The situation is undoubtedly also affected by the (hopefully) cyclical effects of the current deep recession, exacerbated by the fact that property, cars and jobs are particularly exposed to this economic downturn. Thus it is reported that UK-wide advertising revenues fell 37% in the first quarter of 2009, while the impact on employment - typically regarded as a lagging indicator of economic health - is reflected in a 10% decline in the regional press workforce in the past six months.[4]

 

The press in Scotland is of course subject to these same changes - structural and cyclical - which are affecting the UK titles.

 

However, there are also a number of additional, distinctive factors which need to be addressed in considering the position in Scotland. In a post-devolutionary UK, where so many of the important issues affecting people's lives are devolved matters, Scotland's national media has an important democratic role which is distinct from the role played by the UK's (including Scotland's) regional media. But the historical strength of the indigenous Scottish press, and its ability to fulfil this role, is under severe threat. We note, for example, the evidence to the Commons Scottish Affairs Select Committee given by Paul Holleran, Scottish Organiser for the National Union of Journalists[5], who states that the Scottish-based newspapers are at relative disadvantage in comparison with the Scottish editions of English-based titles:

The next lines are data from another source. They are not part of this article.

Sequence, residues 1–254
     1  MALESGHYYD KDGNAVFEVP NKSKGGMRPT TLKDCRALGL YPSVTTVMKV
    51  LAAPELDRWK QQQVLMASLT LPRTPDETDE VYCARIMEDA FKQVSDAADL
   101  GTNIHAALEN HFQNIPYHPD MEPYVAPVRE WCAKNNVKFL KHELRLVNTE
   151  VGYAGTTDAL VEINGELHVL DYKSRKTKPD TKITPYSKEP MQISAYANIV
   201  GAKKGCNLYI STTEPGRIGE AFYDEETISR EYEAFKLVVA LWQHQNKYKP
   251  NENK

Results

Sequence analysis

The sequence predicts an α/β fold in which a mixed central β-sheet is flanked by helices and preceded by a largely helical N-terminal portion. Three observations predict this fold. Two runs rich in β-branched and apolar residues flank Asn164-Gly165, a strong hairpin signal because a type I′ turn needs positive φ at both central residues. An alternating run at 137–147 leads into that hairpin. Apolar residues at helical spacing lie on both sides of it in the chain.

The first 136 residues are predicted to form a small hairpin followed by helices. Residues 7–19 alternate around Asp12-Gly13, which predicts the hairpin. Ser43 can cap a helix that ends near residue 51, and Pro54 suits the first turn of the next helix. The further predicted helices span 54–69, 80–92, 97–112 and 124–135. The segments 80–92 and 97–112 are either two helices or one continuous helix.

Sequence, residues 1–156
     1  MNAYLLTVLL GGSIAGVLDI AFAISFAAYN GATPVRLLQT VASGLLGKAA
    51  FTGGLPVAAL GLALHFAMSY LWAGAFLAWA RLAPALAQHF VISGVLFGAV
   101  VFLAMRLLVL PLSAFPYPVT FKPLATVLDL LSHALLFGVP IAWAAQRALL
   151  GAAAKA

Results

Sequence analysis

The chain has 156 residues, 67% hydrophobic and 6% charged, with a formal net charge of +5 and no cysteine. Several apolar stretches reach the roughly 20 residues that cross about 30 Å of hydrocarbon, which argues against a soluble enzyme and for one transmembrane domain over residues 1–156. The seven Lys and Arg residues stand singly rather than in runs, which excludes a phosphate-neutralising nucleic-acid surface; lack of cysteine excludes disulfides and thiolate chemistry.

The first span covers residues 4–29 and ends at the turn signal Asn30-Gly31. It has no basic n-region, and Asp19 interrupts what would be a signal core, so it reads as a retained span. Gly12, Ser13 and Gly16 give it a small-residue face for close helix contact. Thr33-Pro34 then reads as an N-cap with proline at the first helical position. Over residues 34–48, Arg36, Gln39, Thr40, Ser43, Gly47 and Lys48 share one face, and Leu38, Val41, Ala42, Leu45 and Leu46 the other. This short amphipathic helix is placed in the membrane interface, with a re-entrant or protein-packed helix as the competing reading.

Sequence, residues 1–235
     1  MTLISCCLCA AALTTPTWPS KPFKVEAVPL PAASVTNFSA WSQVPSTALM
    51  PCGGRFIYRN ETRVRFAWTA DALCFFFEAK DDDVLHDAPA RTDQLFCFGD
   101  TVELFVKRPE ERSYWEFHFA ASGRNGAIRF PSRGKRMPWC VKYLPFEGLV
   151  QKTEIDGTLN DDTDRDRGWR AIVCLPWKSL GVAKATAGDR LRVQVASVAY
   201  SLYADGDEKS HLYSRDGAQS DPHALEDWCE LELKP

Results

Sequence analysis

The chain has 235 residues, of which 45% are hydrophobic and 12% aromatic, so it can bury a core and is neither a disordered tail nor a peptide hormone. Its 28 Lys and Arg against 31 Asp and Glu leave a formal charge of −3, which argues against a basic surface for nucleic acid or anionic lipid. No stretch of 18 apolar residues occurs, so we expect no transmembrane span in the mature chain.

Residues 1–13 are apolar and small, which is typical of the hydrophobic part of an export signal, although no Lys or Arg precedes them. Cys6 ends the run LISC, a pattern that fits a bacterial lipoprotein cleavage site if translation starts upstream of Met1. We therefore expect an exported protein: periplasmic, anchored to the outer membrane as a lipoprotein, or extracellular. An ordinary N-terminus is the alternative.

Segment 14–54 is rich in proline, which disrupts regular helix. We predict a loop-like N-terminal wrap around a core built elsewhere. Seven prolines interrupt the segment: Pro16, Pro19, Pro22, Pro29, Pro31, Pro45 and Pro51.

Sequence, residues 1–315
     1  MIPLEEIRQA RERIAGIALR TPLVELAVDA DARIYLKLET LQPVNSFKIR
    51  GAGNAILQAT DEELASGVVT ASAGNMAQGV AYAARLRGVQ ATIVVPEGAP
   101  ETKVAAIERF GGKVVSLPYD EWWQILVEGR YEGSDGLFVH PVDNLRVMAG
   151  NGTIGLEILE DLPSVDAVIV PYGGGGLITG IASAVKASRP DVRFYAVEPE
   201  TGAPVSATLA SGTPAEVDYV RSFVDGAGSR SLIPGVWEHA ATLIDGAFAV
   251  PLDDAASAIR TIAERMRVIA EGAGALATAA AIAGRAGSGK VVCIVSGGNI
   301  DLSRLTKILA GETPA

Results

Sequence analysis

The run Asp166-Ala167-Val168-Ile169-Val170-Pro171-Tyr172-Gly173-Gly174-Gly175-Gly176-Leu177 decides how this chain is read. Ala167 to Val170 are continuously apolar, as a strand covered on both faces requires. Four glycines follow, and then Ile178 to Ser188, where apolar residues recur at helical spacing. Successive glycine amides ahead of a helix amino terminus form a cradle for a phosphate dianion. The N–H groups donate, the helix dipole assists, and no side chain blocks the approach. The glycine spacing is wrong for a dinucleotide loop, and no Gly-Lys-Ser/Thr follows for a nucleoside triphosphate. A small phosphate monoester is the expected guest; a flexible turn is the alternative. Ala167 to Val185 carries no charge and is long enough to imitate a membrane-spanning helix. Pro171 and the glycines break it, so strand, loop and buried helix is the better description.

"One of the discussions I have with the managing directors in Scotland is that they believe that the English-based titles that have Scottish editions are in a stronger position. With The Express, for example, they would have substantially fewer journalists than the Scottish office. The Sunday Times would be the same or The Times would be the same. The Daily Mail would have much more staff. They have an English base of a newspaper with Scottish pages, so there is a competition element. The cut-price sale of the Daily Star and The Sun has obviously added to some of the difficulties. There is a problem across the whole industry, there is no doubt about that, but at the moment the Scottish titles seem to be trying to use the same template to find a solution." [6]

 

Mr Holleran also indicates that the declining circulation figures have not been helped by a number of editorial appointments where editors originating from "south of the Watford gap" were given responsibility for national newspapers in Scotland "without knowing their new patch."

 

While the relative weighting of the contributory factors may be open to debate, the March 2009 Audit Bureau of Circulations (ABC) figures certainly confirm the significant decline in year on year circulation for Scotland's nationally-audited papers[7]:

 

Daily Record (owned by Trinity Mirror) - 329,067 (down 9.87%);